New residential sales hit two-year high in November

Sales of new single-family homes were at a seasonally adjusted annual rate of 377,000 in November, the highest level since April 2010.

New home sales were 4.4% above the revised rate of 361,000 in October, the U.S. Census Bureau and the Department of Housing and Urban Development said on Thursday.

New home sales were 15.7% above last year’s estimate of 327,000, another sign that housing is on the mend.

The median sales price of new homes sold was $246,200, compared to the median price of $237,000 in October. The average sale price was $299,700.

At the end of November, the number of new homes for sale reached 149,000, representing a 4.7-month supply of homes at today’s sales pace.

“The new home market is a positive for the economic outlook, especially given that scarcity of supply points to new construction ahead,” analysts from Econoday Economic Report said.

“But fundamental economic issues right now are being clouded by the approach of the fiscal cliff and the risk that higher taxes will hurt consumers and home buyers,” the analysts said.

Although home sales increased to year highs, consumer confidence dropped for the second consecutive month because the market is slowly healing on historically low mortgage rates and high housing demand.

“Even given the concerns over the fiscal cliff, it’s still not going to stop people who can afford homes and those who can get access to a mortgage,” Associated Economist Gregory Bird at Moody’s Analytics told HousingWire.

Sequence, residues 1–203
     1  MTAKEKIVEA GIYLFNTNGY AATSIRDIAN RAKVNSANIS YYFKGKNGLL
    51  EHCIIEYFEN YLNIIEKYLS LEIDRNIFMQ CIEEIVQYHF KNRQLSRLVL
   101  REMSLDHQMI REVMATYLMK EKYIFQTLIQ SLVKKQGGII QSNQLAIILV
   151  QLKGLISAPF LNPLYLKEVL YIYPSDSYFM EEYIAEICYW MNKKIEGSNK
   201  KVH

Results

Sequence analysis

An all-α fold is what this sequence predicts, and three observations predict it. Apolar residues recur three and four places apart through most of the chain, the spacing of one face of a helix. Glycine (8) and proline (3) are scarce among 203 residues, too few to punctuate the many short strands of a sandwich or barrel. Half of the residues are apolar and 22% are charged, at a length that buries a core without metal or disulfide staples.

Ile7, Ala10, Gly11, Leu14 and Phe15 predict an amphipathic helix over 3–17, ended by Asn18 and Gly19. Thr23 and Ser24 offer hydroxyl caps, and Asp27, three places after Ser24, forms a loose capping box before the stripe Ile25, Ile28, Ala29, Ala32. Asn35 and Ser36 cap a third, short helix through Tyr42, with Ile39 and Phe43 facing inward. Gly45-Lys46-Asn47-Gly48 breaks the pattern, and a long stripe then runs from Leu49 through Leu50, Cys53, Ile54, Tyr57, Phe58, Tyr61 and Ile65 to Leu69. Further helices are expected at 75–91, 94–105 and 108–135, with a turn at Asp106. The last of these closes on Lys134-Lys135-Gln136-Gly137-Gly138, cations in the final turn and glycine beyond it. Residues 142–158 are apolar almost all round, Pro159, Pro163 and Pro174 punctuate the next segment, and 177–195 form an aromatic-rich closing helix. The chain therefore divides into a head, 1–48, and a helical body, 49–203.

The Consumer Confidence Index fell to 65.1 in December, down from 71.5 in November. The Expectations Index also declined sharply to 66.5 from 80.9.

“Consumers’ expectations retreated sharply in December resulting in a decline in the overall index. The sudden turnaround in expectations was most likely caused by uncertainty surrounding the oncoming fiscal cliff,” said Lynn Franco, director of economic indicators at the Conference Board.

Consumers’ optimism about the short-term outlook also declined in December.

The percentage of consumers expecting business conditions to improve within the next six months declined to 17.6%, down from 21.3%, while those projecting business conditions to worsen increased from 15.8% to 21.5%.

“A similar decline in expectations was experienced in August of 2011 during the debt ceiling discussions,” Franco said.  “While consumers are quite negative about the short-term outlook, they are more upbeat than last month about current business and labor market conditions.”


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